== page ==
The mind is a fragile thing and mental health care is one of the biggest needs of the day. Fifteen million people in Pakistan suffer from mental illnesses and, in Karachi alone, there are more than two million mentally ill patients. Yet, according to World Health Organization estimates, there are only 320 psychiatrists in the country. Out of the few mental health facilities that exist, lack of awareness about whom to approach and what kind of treatment to opt for, along with the stigma attached, make it even more difficult for people to overcome what can be one of the most debilitating of health issues.
Mental illness has dramatically increased in Pakistan for a number of reasons. A lack of understanding often breeds distrust towards medical professionals, rendering it difficult to make an informed decision. Some are reluctant to take medicines over fear of dependency and therapeutic treatment is opted out of due to the costs involved. Another reason is limited awareness about how the brain functions and the chemicals that govern it. In South Asia, mental illness is often attributed to black magic or possession by demons when, in reality, it is mostly caused by an imbalance of chemicals in the brain.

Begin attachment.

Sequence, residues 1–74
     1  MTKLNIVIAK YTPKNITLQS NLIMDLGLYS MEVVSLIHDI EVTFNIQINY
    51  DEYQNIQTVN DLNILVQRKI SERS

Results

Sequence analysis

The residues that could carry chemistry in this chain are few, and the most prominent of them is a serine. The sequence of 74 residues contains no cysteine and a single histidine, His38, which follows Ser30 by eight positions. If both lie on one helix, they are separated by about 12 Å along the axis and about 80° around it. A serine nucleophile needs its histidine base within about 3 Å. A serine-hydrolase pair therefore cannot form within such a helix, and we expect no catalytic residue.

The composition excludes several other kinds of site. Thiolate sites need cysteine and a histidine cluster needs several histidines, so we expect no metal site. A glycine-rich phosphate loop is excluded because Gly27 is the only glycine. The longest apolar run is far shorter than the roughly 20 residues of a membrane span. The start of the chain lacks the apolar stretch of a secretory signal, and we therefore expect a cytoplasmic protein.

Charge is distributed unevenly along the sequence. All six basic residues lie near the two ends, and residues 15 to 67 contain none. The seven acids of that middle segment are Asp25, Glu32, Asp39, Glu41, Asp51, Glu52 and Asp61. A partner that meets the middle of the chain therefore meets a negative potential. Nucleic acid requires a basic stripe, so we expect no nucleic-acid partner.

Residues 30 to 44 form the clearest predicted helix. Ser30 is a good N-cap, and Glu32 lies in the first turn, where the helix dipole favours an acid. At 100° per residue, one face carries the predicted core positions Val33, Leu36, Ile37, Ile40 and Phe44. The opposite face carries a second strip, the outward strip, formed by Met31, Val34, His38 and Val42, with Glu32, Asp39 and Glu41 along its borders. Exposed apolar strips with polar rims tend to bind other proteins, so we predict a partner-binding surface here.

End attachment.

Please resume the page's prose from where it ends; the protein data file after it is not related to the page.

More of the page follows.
A lack of consensus among professionals regarding the provision of mental health care is also to blame. A few mental health professionals argue that in some exceptional cases, patients need a spiritual cure along with medical treatment. They believe that an integrated holistic approach, encompassing the mind, body and spirit, are the key to unlocking the mind. Therefore, to allow patients to make an informed decision, we take a look at the various facilities and treatment options available in the country.
In private care
For a population of 180 million, there are only five psychiatric hospitals in the country. However, several big private hospitals, including Aga Khan University Hospital (AKUH), have a psychiatric ward for mental health patients. The AKUH in Karachi has a psychiatry department which includes six full-time psychiatrists and two full-time psychologists, in addition to two part-time psychiatrists and one part-time psychologist.
People tie pieces of cloth at the shrine of Pir Mangho for quick recovery of their loved ones. PHOTO CREDIT: AYESHA MIR
The hospital also has a short-term adult psychiatric unit which includes 18 beds. Patients can be admitted either from the emergency ward or upon referral from a psychiatrist.
Research has proven that the earlier a patient seeks treatment, the better the recovery chances are for him/her, says Dr Mukesh Bhimani, a psychiatry specialist at King Saud University who has three-and-a-half years of experience as a consultant psychiatrist and has previously worked at AKUH. For instance, if untreated for a long time, schizophrenia can cause permanent disability. “Like any other physical illness such as diabetes, psychiatric illness also has underlying biochemical pathology. Hence, it is necessary that patients seek professional medical help upon the onset of symptoms,” adds Bhimani.